Saturday, May 1, 2010

Bright Star

The takeaway message of Jane Campion's Bright Star seems to be that falling in love with a tubercular, romantic poet is ill-advised. John Keats dedicated the title poem to his lady love, Fanny Brawne:

Bright star, would I were steadfast as thou art —
Not in lone splendour hung aloft the night
And watching, with eternal lids apart,
Like Nature's patient, sleepless Eremite...
and on in that vein.


Jane Campion's film follows the doomed lover's romance from flirtation to tragic denoument. The film is subtly erotic but bursting with (dare I say it) romance! The heady,unconsumated, thrilling kind.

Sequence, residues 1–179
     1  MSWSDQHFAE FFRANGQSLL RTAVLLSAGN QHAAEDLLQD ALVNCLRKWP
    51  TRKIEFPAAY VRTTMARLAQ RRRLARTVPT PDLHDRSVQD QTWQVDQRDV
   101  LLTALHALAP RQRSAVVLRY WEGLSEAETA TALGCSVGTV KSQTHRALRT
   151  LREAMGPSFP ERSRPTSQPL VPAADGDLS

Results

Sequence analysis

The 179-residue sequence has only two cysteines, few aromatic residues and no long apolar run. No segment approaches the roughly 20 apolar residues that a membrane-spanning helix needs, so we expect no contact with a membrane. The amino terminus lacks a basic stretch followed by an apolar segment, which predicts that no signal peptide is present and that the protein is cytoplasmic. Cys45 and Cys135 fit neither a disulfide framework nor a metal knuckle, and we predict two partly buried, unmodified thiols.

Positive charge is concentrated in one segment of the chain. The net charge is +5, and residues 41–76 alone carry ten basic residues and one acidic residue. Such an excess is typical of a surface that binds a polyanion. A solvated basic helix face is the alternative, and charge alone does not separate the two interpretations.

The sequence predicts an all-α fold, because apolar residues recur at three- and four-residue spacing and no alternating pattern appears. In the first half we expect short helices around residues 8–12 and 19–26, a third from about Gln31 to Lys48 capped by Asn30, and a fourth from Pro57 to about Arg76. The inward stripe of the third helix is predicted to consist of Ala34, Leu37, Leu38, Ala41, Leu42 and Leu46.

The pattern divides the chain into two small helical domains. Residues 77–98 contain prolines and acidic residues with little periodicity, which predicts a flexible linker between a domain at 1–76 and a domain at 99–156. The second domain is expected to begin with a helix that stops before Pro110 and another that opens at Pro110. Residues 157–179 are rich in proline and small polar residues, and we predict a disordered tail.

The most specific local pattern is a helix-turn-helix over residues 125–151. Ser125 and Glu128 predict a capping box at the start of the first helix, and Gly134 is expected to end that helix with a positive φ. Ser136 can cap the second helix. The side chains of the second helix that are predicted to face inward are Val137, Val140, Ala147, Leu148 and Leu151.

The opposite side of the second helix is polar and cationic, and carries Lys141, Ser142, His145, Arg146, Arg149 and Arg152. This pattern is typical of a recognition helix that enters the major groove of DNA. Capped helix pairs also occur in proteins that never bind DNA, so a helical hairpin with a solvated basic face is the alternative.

Also, Fanny is something of an sartorial rebel who makes her own clothes. This fact draws snickers and accusations of vanity -- seems that an interest in fashion was and still is read as a verdict of superficiality.

Costume designer Janet Patterson manages to make the empire dresses of the era less like the unsubstantial, Grecian-style flimsy frocks that one associates with film adaptations of Jane Austen novels, and more as structural and substantial. Fabrics and textures are apparent: Campion builds the character of Fanny and brings the era to life through attention to such detail. I've seen few films in which I am as conscious of the pattern, cut and construction of what its lead characters wear.

Needless to say, I adored Campion's film, and it had me reduced to embarrassing tears in my coach seat on a Buenos Aires-Mexico City flight.

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